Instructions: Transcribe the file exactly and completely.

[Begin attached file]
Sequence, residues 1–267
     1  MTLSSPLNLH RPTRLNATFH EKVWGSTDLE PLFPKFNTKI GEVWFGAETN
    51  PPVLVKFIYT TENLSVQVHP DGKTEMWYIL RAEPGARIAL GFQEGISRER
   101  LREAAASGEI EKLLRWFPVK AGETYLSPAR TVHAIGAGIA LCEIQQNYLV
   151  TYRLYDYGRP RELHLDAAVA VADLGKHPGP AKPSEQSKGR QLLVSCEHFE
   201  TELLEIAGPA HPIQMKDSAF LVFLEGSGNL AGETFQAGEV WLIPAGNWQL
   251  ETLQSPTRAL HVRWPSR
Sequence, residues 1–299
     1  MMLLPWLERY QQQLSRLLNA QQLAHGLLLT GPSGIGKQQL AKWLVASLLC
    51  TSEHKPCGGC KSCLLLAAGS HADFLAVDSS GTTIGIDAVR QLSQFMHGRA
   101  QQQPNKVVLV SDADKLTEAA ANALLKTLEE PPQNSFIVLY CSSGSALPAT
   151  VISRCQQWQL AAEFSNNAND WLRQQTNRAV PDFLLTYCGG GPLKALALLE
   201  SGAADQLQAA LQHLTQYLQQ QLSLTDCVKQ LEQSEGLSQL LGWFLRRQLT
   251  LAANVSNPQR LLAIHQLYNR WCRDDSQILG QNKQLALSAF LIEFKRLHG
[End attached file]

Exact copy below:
Sequence, residues 1–267
     1  MTLSSPLNLH RPTRLNATFH EKVWGSTDLE PLFPKFNTKI GEVWFGAETN
    51  PPVLVKFIYT TENLSVQVHP DGKTEMWYIL RAEPGARIAL GFQEGISRER
   101  LREAAASGEI EKLLRWFPVK AGETYLSPAR TVHAIGAGIA LCEIQQNYLV
   151  TYRLYDYGRP RELHLDAAVA VADLGKHPGP AKPSEQSKGR QLLVSCEHFE
   201  TELLEIAGPA HPIQMKDSAF LVFLEGSGNL AGETFQAGEV WLIPAGNWQL
   251  ETLQSPTRAL HVRWPSR
Sequence, residues 1–299
     1  MMLLPWLERY QQQLSRLLNA QQLAHGLLLT GPSGIGKQQL AKWLVASLLC
    51  TSEHKPCGGC KSCLLLAAGS HADFLAVDSS GTTIGIDAVR QLSQFMHGRA
   101  QQQPNKVVLV SDADKLTEAA ANALLKTLEE PPQNSFIVLY CSSGSALPAT
   151  VISRCQQWQL AAEFSNNAND WLRQQTNRAV PDFLLTYCGG GPLKALALLE
   201  SGAADQLQAA LQHLTQYLQQ QLSLTDCVKQ LEQSEGLSQL LGWFLRRQLT
   251  LAANVSNPQR LLAIHQLYNR WCRDDSQILG QNKQLALSAF LIEFKRLHG